By now, many of you may have seen this video of dancing robots. Yet another remarkable accomplishment delivered to us by Boston Dynamics. The reaction to this video has been varied. Many view it with fascination, while others fear. Those reactions reflect the broader response to possible emerging futures. This recent Article views dancing robots as a really big problem, going as far as calling them unethical. This One sees them as fun and games – until they murder us. Yet Another sees them as eerie, yet marvels at the accomplishment. Finally, this Look at the video calls it unsettling. What about you? What is your immediate reaction when viewing this video? Take the poll below and select your initial reaction.
I am constantly searching for content that will provide insights to those that read my posts. I came across this infographic on wearables and wanted to share. Here is an abstract that describes the visual.Continue reading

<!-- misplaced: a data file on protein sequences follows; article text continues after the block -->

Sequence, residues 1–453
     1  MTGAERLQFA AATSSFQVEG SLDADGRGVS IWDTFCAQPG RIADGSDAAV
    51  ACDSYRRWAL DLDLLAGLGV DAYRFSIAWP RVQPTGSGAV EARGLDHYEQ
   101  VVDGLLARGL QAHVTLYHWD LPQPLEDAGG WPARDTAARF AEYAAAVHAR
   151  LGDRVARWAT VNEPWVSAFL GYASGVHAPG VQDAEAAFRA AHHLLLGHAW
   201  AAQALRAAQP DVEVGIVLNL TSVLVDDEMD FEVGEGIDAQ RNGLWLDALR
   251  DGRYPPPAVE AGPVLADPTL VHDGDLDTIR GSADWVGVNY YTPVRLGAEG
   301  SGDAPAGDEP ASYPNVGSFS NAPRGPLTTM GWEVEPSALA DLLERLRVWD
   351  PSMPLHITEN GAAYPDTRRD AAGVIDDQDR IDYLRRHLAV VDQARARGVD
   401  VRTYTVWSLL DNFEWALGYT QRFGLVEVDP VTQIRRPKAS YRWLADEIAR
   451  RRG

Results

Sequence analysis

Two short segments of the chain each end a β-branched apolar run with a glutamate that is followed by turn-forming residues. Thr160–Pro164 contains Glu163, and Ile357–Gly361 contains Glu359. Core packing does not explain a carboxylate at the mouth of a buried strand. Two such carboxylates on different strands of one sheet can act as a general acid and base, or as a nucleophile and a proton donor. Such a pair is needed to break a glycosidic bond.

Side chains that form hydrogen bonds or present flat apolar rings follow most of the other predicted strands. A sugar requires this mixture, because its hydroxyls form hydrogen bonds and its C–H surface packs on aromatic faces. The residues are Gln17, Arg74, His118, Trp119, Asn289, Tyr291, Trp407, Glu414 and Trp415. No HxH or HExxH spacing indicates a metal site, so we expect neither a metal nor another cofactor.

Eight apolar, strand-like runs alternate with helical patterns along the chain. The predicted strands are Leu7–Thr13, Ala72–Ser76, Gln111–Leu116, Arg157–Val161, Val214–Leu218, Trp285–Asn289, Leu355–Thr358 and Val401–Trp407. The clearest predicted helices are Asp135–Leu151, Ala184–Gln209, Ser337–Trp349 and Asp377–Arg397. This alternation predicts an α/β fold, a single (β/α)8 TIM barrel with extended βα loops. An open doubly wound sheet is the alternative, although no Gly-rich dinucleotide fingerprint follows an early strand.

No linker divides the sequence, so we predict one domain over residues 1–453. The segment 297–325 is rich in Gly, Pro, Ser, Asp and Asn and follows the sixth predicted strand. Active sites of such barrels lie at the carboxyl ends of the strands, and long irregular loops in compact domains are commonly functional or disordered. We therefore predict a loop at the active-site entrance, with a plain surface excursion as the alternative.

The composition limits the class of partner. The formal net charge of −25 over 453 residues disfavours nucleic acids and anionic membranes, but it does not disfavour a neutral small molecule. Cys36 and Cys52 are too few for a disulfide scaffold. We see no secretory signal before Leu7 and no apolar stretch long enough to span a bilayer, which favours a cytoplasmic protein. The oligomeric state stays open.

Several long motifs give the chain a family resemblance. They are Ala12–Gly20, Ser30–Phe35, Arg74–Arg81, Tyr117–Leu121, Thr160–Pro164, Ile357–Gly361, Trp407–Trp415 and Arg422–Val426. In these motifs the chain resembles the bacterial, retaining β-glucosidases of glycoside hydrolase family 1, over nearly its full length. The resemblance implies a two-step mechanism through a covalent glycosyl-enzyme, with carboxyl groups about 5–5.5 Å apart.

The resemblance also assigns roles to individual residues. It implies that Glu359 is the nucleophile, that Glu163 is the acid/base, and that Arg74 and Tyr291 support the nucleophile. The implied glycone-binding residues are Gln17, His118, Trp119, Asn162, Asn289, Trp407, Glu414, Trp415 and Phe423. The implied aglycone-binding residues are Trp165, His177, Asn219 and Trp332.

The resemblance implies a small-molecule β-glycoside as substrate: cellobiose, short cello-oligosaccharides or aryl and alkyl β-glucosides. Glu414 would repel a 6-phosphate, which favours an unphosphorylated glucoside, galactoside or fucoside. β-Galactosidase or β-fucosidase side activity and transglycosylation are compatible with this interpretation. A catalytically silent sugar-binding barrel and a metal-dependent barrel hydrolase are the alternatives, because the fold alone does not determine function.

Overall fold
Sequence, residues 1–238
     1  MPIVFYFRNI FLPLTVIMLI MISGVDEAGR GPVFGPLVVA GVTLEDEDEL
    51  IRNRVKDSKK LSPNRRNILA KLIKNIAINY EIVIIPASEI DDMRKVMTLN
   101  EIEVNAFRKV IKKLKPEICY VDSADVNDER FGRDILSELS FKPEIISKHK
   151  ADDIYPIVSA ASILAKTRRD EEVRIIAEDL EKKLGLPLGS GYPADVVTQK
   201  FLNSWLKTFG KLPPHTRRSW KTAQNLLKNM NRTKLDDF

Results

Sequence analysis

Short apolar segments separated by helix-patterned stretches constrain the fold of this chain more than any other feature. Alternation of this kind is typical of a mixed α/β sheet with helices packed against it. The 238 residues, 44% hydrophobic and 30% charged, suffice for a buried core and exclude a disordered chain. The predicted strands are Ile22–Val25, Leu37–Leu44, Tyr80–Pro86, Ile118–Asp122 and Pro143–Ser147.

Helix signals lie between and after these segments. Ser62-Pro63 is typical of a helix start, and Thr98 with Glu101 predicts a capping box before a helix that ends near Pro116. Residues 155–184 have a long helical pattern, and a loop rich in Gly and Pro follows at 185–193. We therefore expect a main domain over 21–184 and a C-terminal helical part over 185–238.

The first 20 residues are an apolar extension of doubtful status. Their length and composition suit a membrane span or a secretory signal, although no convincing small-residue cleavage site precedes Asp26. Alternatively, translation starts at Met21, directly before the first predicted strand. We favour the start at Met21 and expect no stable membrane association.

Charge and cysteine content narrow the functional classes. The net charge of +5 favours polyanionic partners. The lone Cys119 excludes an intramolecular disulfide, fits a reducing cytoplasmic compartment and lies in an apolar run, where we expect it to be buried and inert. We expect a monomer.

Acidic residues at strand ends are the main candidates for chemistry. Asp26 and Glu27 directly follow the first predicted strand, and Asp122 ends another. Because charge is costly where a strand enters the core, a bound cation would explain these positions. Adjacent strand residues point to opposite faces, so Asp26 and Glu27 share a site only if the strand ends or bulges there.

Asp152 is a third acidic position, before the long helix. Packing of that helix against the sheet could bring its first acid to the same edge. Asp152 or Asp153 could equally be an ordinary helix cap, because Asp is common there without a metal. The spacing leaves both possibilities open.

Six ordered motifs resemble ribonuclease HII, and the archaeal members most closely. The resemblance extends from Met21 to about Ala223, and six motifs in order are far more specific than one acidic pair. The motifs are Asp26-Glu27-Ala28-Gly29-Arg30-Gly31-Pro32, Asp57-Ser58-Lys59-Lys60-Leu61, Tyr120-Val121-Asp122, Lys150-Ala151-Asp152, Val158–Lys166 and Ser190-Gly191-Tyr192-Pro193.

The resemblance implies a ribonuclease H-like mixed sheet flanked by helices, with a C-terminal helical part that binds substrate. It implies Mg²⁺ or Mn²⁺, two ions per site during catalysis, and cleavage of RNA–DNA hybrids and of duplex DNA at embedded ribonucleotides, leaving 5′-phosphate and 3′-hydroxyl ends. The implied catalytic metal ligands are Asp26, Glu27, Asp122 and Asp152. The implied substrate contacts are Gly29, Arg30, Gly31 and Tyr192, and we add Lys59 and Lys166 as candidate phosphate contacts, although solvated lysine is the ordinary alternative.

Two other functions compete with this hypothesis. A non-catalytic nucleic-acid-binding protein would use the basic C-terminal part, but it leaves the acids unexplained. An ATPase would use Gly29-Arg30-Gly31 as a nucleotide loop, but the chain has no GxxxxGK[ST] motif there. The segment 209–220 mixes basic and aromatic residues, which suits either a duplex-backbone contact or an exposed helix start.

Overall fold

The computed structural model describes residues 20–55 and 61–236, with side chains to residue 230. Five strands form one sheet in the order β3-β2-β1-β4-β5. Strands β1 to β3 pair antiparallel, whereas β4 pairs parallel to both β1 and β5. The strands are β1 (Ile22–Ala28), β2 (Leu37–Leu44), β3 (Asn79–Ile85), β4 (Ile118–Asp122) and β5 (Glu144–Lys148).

Back in 2013, I wrote about the critical need to Sense and Respond in a climate of uncertainty, interdependency, complexity, and velocity. In that post, I said this:
As our world experiences continued Acceleration and the amount of data flowing through company ecosystems expands, the need to sense stimuli and enable a real time response intensifies. Fortunately, rapid advancements in the price and performance of technology make realizing this sense and respond paradigm achievable and economical for a wide range of use cases – but this is arguably one of the most difficult components of transformation road maps.Continue reading